10. In Rosen v. Ontario (Attorney General) (1995), 27 C.R.R. (2d) 162, (Ontario Court, General Division), affirmed (1996), 131 D.L.R. (4th) 708, 27 O.A.C. 280, 34 C.R.R. (2d) 84 (Ontario Court of Appeal), leave to appeal to Supreme Court of Canada dismissed, 26 September 1996), the constitutionality of a ban on tobacco sales in pharmacies was affirmed. Justice Boland of the Ontario Court General Division stated “It has been established that tobacco products are a health hazard to those who smoke and to those who inhale environmental tobacco smoke.” (para. 12)

  11. In MacDonald v. MacDonald [2003], N.S.J. 90 (Nova Scotia Supreme Court, Family Division), the Court considered issues regarding child custody. In the decision, Justice Gass stated:

    “There is no dispute that second hand smoke is dangerous to children. It is recognized that children have the right to be raised in a smoke free environment. The Court has the authority to impose conditions on custody. A condition of custody will be that there will be no smoking in the home when the children are present.” (para. 21)

  12. In Ontario Pubic Service Employees' Union v. Ministry of Labour; Ministry of the Solicitor General and Correctional Services - Sault Ste. Marie Jail [1996] O.O.H.S.A.D. No.18, Decision OHS 96-19, File No.AP 93-79 (March 8, 1996, Occupational Health and Safety Adjudicator, Robert Blair), the issue of smoking in prisons was considered. In this case, prison guards argued that smoking by inmates infringed s.25(2)(h) of the Ontario Occupational Health and Safety Act which states that “an employer shall ... take every precaution reasonable in the circumstances for the protection of a worker.” The Adjudicator upheld the complaint by prison guards. In the decision, the Adjudicator stated:

    “I am driven to the conclusion that the presence of ETS in a workplace represents a potential hazard to the health of workers in that workplace.” (para. 12)

    “Given the overwhelming evidence about the potential health effects of ETS, it is incumbent on an Employer such as the one before me to develop such a control program [namely 1994 U.S. OSHA proposal of separately enclosed independently ventilated smoking rooms] if it decides (as this Employer has) not to prohibit indoor smoking.” (para. 60)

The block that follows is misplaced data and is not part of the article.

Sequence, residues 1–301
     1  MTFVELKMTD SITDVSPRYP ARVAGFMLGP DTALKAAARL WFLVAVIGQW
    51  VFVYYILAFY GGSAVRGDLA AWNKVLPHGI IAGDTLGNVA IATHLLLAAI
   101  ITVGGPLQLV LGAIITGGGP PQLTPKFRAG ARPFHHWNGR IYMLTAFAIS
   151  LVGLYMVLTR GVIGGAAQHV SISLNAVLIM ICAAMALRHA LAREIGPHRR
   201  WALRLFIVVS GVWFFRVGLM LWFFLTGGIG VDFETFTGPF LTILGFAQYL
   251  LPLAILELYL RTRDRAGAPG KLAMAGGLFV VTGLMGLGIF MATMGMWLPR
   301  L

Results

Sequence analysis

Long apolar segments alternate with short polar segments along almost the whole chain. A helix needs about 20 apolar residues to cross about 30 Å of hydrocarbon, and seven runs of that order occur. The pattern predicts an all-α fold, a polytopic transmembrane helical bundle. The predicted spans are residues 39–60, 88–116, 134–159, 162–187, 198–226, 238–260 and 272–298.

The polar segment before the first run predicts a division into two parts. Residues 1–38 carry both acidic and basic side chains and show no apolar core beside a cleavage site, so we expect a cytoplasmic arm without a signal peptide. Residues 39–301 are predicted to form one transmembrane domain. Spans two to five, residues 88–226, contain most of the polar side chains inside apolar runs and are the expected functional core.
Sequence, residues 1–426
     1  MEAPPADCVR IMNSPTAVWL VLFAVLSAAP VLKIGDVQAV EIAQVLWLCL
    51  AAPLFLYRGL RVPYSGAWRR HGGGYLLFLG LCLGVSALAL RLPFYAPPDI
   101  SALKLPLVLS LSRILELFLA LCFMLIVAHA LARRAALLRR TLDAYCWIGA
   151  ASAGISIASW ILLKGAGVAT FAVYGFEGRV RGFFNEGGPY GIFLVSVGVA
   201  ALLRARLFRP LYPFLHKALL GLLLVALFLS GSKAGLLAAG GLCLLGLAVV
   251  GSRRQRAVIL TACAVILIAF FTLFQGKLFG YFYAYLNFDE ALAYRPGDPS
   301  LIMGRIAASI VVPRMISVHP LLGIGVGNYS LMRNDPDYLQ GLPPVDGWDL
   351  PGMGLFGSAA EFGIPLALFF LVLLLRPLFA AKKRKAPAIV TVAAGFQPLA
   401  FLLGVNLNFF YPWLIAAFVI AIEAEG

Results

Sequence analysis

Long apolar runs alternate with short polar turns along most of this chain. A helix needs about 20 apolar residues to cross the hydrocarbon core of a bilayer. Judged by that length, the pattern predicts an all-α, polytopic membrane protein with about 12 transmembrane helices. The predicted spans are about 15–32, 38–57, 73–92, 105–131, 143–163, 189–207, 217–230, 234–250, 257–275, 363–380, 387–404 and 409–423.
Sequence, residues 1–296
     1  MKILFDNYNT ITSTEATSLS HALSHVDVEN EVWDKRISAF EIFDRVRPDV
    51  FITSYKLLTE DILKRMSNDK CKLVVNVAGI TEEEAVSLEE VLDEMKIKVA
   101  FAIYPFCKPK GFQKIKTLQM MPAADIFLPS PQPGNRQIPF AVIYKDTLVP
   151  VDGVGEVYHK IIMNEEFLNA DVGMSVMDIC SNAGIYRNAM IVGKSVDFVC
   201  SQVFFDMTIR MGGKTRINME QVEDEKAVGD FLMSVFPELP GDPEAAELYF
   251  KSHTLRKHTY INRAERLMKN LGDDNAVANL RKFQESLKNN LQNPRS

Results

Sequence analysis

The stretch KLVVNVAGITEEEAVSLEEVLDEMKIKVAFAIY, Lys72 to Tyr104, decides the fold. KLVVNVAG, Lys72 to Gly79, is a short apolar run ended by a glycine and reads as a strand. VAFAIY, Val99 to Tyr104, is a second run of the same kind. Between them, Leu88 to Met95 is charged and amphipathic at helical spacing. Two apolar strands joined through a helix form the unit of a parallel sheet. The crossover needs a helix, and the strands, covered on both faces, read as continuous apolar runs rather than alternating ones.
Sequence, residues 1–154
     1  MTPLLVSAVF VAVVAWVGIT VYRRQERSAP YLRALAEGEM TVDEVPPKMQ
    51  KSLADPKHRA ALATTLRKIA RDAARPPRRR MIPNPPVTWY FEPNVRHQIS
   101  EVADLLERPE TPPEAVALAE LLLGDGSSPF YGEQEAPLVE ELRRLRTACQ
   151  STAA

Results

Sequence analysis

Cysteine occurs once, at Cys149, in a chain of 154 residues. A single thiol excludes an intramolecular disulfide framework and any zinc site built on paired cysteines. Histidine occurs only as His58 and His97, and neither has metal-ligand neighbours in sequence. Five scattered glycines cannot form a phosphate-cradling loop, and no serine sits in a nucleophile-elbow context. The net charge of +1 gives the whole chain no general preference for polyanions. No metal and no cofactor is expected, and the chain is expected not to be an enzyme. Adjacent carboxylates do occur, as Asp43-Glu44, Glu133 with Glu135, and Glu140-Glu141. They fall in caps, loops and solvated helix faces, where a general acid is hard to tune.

“It is unacceptable to come to the conclusion that a smoke-free workplace is the right answer for the majority of the Government of Ontario’s employees, but to simply write off the correctional facilities as inherently and forever smoky. An answer to the issue needs to be found, and the employer has a clear duty under s.25(2)(h) of the Act to develop and answer.” (para. 65)

    “the Employer must set as its goal the achievement of a working environment in this correctional facility where ETS exposure is at the same level as it would be in a non-smoking building, except as might become necessary in the course of the carrying out of a correctional officer's duties to engage in face-to-face contact with a smoking inmate. Notwithstanding this exception, ETS exposure at the ordinary indoor work locations of correctional officers must be brought within the non-smoking building standard.” (para. 69)

  13. There are other decisions, including labour arbitrations, with findings that secondhand tobacco smoke is harmful to health.

Rob Cunningham, B.A., LL.B., M.B.A. is a Senior Policy Analyst with the Canadian Cancer Society.